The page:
b.) Now go to “Windows Management” and click on “Save Windows positions Now“, ensure that “Save window positions on exit” is checked also and click “OK“. Your windows should appear as you like them next time GIMP is started (you may however need to maximise the image window).


2. The Grid Feature

The default setting for the grid (a very uesful tool I might add) is too small to be very useful when it comes to the large files from a digital camera. I always like to change the default to a more usable setting.

a.) Select “Edit” > “Preferences” to bring you back to the Preferences dialog and this time select “Default Grid“. in the spacing section change the “Width” and “Height” to 100 pixels (or whatever you personally like) and click on “OK“.

To activate the grid select “View” > “Show Grid“. Repeat the process to turn it off again.


3. Ensure Best Quality

You may have read that it not good practice to repeatedly save a .JPG file. This is due to the fact that .JPG is a compressed file format, as such the file is recompressed (subsampled) each time the file is saved and this will lead to deterioration of the image.

This step will limit this subsampling as much as possible and should be OK for a few svaes, however as you become more confident I suggest that you only save a .JPG file once, at the end of editing. If you are working on an important file or making a complex edit consider first saving your file in an uncompressed format, such as .TIFF or the GIMP’s native .XCF, and save to your hearts content.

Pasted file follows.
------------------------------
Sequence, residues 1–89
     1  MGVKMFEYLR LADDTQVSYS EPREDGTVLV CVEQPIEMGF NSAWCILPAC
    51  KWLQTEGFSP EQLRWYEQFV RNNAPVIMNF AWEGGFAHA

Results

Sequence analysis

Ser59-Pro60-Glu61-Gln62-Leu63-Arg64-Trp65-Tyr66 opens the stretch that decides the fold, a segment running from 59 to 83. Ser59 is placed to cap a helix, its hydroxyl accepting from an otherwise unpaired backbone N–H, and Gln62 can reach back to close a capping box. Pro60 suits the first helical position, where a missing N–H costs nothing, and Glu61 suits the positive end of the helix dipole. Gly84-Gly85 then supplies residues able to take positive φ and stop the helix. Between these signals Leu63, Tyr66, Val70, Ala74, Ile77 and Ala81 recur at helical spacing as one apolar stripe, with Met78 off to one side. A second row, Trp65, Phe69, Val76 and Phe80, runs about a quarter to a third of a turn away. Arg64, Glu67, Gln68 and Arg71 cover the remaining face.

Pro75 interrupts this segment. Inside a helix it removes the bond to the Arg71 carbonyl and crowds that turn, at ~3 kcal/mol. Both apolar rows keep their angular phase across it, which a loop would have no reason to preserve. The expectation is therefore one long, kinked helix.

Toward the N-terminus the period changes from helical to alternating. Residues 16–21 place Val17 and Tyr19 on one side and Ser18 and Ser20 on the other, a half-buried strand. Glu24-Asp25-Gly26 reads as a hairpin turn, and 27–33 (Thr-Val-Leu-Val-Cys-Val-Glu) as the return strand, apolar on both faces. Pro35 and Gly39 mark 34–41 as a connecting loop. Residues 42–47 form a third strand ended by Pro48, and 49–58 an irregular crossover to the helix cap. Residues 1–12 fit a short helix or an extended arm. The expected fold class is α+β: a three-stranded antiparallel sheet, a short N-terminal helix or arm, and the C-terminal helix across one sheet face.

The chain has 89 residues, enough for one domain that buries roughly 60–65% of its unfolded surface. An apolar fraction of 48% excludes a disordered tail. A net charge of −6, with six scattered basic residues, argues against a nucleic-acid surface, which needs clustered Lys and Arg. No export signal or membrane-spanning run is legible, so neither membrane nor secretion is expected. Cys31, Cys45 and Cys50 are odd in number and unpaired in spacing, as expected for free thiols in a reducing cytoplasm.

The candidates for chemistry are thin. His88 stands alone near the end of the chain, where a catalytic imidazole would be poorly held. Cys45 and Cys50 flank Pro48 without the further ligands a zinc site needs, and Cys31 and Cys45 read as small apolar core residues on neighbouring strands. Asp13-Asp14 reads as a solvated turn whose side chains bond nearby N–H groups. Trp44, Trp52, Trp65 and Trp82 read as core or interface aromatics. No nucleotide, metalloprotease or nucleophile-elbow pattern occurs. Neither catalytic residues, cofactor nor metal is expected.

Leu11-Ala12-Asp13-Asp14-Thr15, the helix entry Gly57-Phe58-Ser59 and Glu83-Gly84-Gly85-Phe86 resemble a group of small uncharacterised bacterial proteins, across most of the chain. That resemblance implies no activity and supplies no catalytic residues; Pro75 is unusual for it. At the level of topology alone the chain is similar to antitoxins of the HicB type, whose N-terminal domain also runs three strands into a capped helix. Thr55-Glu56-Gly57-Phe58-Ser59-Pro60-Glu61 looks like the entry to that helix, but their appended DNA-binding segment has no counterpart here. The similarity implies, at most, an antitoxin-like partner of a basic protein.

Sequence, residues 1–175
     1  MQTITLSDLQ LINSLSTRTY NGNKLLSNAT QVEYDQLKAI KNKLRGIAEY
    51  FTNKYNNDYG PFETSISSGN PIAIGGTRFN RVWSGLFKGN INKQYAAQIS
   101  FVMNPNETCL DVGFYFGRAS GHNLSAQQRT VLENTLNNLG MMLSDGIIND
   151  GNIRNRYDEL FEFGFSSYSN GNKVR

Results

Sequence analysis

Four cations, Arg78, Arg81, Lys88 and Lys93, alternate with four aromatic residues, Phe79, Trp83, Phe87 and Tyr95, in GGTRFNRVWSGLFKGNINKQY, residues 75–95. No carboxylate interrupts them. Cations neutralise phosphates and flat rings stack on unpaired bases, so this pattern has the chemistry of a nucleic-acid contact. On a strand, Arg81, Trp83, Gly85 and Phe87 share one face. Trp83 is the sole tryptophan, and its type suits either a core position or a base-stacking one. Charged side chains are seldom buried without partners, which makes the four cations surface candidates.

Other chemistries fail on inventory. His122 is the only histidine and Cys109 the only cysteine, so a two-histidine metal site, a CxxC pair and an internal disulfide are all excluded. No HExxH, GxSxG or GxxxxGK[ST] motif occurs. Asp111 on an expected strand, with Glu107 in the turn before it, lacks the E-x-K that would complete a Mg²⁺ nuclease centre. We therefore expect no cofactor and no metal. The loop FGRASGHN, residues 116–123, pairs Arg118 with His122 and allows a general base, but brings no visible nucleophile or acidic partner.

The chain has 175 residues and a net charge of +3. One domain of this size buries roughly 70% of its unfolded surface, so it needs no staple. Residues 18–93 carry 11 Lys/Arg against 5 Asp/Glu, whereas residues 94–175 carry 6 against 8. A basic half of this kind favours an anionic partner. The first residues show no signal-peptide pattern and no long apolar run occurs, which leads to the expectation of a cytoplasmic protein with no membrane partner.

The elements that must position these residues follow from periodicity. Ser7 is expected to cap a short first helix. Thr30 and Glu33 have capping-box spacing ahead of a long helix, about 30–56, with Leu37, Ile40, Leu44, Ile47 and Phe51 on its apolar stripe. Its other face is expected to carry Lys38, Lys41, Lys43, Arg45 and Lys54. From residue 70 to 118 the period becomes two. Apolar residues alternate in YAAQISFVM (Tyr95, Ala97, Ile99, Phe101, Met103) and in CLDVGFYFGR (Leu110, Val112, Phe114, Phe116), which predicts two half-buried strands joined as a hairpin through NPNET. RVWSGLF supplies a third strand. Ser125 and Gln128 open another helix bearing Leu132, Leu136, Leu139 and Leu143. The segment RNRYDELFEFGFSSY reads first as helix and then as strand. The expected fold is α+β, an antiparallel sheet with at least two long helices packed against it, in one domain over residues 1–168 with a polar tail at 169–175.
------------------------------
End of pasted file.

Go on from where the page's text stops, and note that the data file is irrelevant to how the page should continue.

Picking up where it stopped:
a.) Open a .JPG file and select “File” > “Save As…“. In the ‘Save Image’ dialog box enter a junk filname and click on “Save“.

b.) In the ‘Save As JPEG’ dialog’ click on “Advanced Options“. Now change the “Quality:” slider to 100% and change “Subsampling” to 1X1, !X1, 1X1 (best quality). then select “Save Defaults“. You can now click on “Cancel” as we do now want to save this image at this time.


4. Use the Historgam

For photo editing I like to add the ‘Histogram’ dialog available as a reference. This setup guide is not really the place for a detailed explanation of what the image histogram is but, simply put the Histogram is a graphical representation of the tones in an image from pure Black on the left to pure White on the right.

As such it gives us some information about the exposure. If we see that the graph is clumped to the left, it suggests that the image is too dark (underexposed) and if we see that the graph is clumped to the right it suggests that the image is too bright (overexposed).

a.) To add the ‘Histogram’ dialog to your ‘Layers, Channels, Paths’ box select “Windows” > “Dockable Dialogs” > “Histogram“. this opens the ‘Histogram’ dialog in a new window.

b.) Now with your mouse grab the ‘Histogram’ dialog and drag and drop it onto the bottom of your ‘Layer, Channels, Paths’ as shown below.


5. Restoring Closed Docks

AAArrghh!, where’s that Layers thingy gone?. I have had this same experience myself. If you accidentally close the ‘Toolbox’ or ‘Layers, Channels, Paths’ boxes select “Windows” > “Recently Closed Docks” > “Whichever you closed“, and your back in business.


Happy GIMPin’,